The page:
This week Instagram launched #HereForYou, a campaign highlighting support for the conversation around mental health as part of mental health awareness month.
Blogger selfloveclubb on Instagram is also posting what mental illness looks like:
"She doesn't look like she's depressed" "But she still goes to work and functions how could she be mentally ill" "I had no idea she was sick, she was smiling and laughing" "She looked so put together though" Any of you ever heard things like that? Mental illness is not a look, body type, facial expression, or just one mood. Its not something that just shows up for an hour of your day while you cry your eyes out and then it goes away so that you can get on with your life. It stays with you whether you have makeup on and a fancy outfit, or you haven't showered in 4 days and you're wearing sweats. Whether you're laughing with your friends or in bed alone crying. Stop assuming that people are okay just by looking at them. ASK QUESTIONS, that's the only way you'll ever know. Don't let something go unnoticed just because someone seems like they are doing great. 1 in 4 people struggle with mental illness and a lot of those people go untreated. Mental illness can happen to anyone and they don't have to have "a reason". • Post inspired by @selfloveliv ❤️❤️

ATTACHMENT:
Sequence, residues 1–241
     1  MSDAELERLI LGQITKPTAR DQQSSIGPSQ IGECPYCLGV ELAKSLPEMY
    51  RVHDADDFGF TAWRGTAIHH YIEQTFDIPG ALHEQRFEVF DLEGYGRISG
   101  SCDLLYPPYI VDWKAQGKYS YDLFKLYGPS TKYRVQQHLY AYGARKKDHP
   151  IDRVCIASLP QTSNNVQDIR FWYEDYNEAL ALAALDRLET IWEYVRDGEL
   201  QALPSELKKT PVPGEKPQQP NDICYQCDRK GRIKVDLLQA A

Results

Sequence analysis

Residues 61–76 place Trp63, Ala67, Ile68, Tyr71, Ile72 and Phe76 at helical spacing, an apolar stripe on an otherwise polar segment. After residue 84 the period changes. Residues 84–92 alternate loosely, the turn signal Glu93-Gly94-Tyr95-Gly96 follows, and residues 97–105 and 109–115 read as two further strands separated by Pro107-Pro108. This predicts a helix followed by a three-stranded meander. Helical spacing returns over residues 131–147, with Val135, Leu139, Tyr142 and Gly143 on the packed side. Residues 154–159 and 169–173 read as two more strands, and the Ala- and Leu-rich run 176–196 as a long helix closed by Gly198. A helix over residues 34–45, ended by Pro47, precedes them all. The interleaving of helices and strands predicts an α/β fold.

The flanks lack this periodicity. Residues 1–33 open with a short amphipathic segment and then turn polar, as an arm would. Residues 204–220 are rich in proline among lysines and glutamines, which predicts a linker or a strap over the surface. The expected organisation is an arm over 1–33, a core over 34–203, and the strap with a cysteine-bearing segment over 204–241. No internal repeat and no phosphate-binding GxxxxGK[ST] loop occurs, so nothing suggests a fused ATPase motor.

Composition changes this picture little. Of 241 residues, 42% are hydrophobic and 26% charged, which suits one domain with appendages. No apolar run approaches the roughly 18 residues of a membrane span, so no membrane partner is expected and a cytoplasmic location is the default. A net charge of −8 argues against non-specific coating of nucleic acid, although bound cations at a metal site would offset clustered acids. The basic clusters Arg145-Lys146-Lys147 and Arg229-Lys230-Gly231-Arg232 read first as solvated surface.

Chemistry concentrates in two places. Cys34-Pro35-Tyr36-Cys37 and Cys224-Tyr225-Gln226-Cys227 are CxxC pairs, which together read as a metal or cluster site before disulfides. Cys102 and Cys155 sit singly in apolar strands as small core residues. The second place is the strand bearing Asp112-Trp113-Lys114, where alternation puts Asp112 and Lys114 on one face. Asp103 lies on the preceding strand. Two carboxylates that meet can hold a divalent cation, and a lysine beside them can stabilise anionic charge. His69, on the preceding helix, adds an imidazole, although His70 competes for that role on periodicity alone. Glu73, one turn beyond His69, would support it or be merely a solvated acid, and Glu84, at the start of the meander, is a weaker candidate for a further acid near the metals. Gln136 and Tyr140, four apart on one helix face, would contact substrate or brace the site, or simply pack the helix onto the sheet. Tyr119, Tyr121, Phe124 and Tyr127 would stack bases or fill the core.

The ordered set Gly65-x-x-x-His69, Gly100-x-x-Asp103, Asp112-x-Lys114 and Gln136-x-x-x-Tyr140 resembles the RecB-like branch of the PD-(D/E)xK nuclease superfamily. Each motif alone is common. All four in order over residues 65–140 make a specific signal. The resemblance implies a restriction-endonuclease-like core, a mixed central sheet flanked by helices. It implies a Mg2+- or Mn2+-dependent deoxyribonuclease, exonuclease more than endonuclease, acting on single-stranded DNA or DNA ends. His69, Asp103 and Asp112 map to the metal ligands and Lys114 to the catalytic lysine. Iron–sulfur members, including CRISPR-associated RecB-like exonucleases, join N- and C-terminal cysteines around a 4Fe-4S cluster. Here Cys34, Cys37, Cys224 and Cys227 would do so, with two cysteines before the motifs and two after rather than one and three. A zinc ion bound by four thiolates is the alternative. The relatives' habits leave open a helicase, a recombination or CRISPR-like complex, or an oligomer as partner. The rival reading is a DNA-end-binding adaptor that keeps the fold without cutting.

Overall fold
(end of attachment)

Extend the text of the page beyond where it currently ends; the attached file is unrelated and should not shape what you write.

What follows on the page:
A recurring discussion regards young people only wanting to show their best selves on social media, so such a campaign is helpful in opening up the doors for change.
To do it, Instagram brought three social media influencers who have been active in combating the stigma surrounding mental health. They include filmmaker Elyse Fox of the Sad Girls Club account, British anorexia survivor Sacha Cuddy, and Luke Ambler, a former professional rugby player and now a suicide prevention advocate.
Social media like Facebook has had to be careful on these types of discussions, especially with the wave of suicide videos on their live service.
Instagram isn’t fully new to the idea of dealing with mental illness. Last year, Instagram launched a suicide prevention tool that allowed people to anonymously flag posts about self harm and suicide.